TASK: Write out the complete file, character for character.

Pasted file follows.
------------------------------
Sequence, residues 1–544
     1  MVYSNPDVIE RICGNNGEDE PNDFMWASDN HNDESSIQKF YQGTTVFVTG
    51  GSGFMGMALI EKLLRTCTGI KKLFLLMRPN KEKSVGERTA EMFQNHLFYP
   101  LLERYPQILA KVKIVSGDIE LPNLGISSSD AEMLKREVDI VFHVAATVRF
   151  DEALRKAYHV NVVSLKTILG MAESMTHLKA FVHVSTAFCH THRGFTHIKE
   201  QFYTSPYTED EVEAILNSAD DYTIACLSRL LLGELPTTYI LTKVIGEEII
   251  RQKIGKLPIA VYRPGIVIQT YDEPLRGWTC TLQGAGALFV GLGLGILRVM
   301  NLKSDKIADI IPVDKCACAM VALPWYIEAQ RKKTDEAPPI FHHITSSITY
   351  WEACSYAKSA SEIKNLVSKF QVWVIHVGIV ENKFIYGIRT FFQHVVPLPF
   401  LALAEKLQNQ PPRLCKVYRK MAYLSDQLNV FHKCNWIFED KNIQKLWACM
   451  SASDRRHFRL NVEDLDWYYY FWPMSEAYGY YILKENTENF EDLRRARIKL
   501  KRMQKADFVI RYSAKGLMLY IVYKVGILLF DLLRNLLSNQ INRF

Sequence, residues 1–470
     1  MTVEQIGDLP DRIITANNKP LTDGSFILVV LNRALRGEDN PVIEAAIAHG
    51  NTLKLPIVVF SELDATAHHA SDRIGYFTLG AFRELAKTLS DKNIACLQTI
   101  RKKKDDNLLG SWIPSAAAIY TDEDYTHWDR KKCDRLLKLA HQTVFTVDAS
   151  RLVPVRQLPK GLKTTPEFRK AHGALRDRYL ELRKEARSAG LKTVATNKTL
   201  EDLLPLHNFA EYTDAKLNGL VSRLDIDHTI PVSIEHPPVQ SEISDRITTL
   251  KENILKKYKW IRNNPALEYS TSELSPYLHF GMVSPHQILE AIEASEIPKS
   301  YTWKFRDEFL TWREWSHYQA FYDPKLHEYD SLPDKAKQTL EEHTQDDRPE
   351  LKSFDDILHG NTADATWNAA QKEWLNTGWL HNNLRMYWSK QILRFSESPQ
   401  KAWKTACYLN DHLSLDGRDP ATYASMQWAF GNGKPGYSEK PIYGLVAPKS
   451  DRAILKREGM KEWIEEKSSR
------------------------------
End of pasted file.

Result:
Sequence, residues 1–544
     1  MVYSNPDVIE RICGNNGEDE PNDFMWASDN HNDESSIQKF YQGTTVFVTG
    51  GSGFMGMALI EKLLRTCTGI KKLFLLMRPN KEKSVGERTA EMFQNHLFYP
   101  LLERYPQILA KVKIVSGDIE LPNLGISSSD AEMLKREVDI VFHVAATVRF
   151  DEALRKAYHV NVVSLKTILG MAESMTHLKA FVHVSTAFCH THRGFTHIKE
   201  QFYTSPYTED EVEAILNSAD DYTIACLSRL LLGELPTTYI LTKVIGEEII
   251  RQKIGKLPIA VYRPGIVIQT YDEPLRGWTC TLQGAGALFV GLGLGILRVM
   301  NLKSDKIADI IPVDKCACAM VALPWYIEAQ RKKTDEAPPI FHHITSSITY
   351  WEACSYAKSA SEIKNLVSKF QVWVIHVGIV ENKFIYGIRT FFQHVVPLPF
   401  LALAEKLQNQ PPRLCKVYRK MAYLSDQLNV FHKCNWIFED KNIQKLWACM
   451  SASDRRHFRL NVEDLDWYYY FWPMSEAYGY YILKENTENF EDLRRARIKL
   501  KRMQKADFVI RYSAKGLMLY IVYKVGILLF DLLRNLLSNQ INRF

Sequence, residues 1–470
     1  MTVEQIGDLP DRIITANNKP LTDGSFILVV LNRALRGEDN PVIEAAIAHG
    51  NTLKLPIVVF SELDATAHHA SDRIGYFTLG AFRELAKTLS DKNIACLQTI
   101  RKKKDDNLLG SWIPSAAAIY TDEDYTHWDR KKCDRLLKLA HQTVFTVDAS
   151  RLVPVRQLPK GLKTTPEFRK AHGALRDRYL ELRKEARSAG LKTVATNKTL
   201  EDLLPLHNFA EYTDAKLNGL VSRLDIDHTI PVSIEHPPVQ SEISDRITTL
   251  KENILKKYKW IRNNPALEYS TSELSPYLHF GMVSPHQILE AIEASEIPKS
   301  YTWKFRDEFL TWREWSHYQA FYDPKLHEYD SLPDKAKQTL EEHTQDDRPE
   351  LKSFDDILHG NTADATWNAA QKEWLNTGWL HNNLRMYWSK QILRFSESPQ
   401  KAWKTACYLN DHLSLDGRDP ATYASMQWAF GNGKPGYSEK PIYGLVAPKS
   451  DRAILKREGM KEWIEEKSSR